Black TikTokers Are Starting to Copyright Their Dances - as They Should

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POLAND - 2021/02/09: In this photo illustration, a Tik Tok logo seen displayed on a smartphone with a pen, key, book and headsets in the background. (Photo Illustration by Mateusz Slodkowski/SOPA Images/LightRocket via Getty Images)
POLAND - 2021/02/09: In this photo illustration, a Tik Tok logo seen displayed on a smartphone with a pen, key, book and headsets in the background. (Photo Illustration by Mateusz Slodkowski/SOPA Images/LightRocket via Getty Images)

Never in my zillennial life did I think that I would create an account for TikTok, but once I did, I was hooked to it thanks to the talented Black creators on the app. One thing that I loved about Black TikTok was the dances made by talented creators like Keara Wilson, who choreographed a dance to Megan Thee Stallion's "Savage." Months later, the Nae Nae Twins came up with a perfectly synchronized dance to the "Savage" remix featuring Beyoncé, which encouraged thousands of people to join in on the fun.

As infectious as these dances are, TikTok has come under fire for algorithmically favoring white creators and content. Black culture and creativity is a significant contributor to TikTok's success in most niches, especially in the realm of choreography. Countless dances like the Smeeze, the Renegade, and more were created and popularized by Black people. Yet it's still a challenge to give Black creators and choreographers the recognition they deserve, especially when white dancers get more likes and views on a dance that came from Black TikTok.

Related: This TikToker's Fast Black History Videos Have Taught Us More Than Any High-School Course

Now, with the help of renowned choreographer JaQuel Knight, Black creators are going a step further by copyrighting their choreography. Knight has worked with big industry icons like Beyoncé, Megan Thee Stallion, Cardi B, and many others. After seeing his own work reused with no credit, he wanted to make a change by creating the JaQuel Knight Foundation to provide Black creators with ownership of their work.

Last month, Knight partnered with software company Logitech to provide BIPOC creators with copyrights for their dance routines. The list of creators included Wilson, the Nae Nae Twins, and Mya Johnson and Chris Cotter (creators of the popular dance to Cardi B's "Up"), among others. The aim is to allow Black creators to have agency over their work and ensure that due credit is given when their dances are performed.

"Ultimately, we want our work to blow up," Knight said in an interview with Soho House. "There's no reason why we shouldn't be hot. Everything we build is the talk of the town, but the people who build it are not."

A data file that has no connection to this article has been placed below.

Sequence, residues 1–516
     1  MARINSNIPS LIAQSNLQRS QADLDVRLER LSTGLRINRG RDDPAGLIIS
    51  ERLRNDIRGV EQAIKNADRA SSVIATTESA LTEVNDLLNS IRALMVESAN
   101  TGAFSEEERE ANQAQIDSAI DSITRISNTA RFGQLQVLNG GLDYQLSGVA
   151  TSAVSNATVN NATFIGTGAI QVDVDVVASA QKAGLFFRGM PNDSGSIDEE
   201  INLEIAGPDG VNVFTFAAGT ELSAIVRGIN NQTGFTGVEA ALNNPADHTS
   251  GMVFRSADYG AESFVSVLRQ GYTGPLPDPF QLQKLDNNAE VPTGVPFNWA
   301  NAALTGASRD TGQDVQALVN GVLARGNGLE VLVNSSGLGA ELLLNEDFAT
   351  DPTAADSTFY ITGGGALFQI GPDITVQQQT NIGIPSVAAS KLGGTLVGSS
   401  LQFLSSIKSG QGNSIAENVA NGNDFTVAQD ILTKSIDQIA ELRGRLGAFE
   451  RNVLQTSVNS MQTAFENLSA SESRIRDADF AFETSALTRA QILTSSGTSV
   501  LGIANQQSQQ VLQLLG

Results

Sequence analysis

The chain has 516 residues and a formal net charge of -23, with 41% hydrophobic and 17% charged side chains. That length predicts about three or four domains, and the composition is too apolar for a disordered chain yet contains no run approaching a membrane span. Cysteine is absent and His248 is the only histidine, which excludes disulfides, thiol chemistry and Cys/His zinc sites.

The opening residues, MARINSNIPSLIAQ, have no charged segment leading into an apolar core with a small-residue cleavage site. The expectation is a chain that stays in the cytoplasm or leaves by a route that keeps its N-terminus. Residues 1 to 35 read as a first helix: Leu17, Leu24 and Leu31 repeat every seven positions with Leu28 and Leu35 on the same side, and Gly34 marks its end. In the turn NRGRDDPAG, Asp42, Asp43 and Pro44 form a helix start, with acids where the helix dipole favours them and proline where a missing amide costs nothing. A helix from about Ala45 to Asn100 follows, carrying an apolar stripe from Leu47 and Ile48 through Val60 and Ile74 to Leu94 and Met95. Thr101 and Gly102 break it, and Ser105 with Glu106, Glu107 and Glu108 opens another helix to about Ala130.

Black culture and creativity is a significant contributor to TikTok's success in most niches, especially in the realm of choreography.

Many white creators have benefited from the work that's been built by Black creators. In early 2020, Addison Rae was invited to perform the Renegade dance, created by Black dancer Jalaiah Harmon when she was 14, at the NBA All-Star Game. When the news broke that Harmon wasn't invited to perform, Black Twitter rallied for Harmon to be included in the lineup. The NBA obliged only after the backlash.

This year, Rae was invited to The Tonight Show Starring Jimmy Fallon to perform popular TikTok dances, many of which were choreographed by Black creators. Rae performed several routines and none of the choreographers were credited. After the episode aired, Black Twitter was outraged. Fallon invited the choreographers to perform only after the online criticism. Sound familiar? This never-ending cycle of TikTok colonization led to a boycott in which frustrated Black creators refrained from creating a dance to Megan Thee Stallion's "Thot Sh*t."

Black people are the engine that provides TikTok with entertaining dance content, and these contributions need to be rewarded with protection and due credit. Hopefully, with the help of the JaQuel Knight Foundation, Black creators will be properly credited for their dances and be the first to perform their work for major media outlets before dancers like Rae. Whether it's through digital boycotts or copyright protection, one thing is for certain: Black creators are unapologetically claiming what's theirs.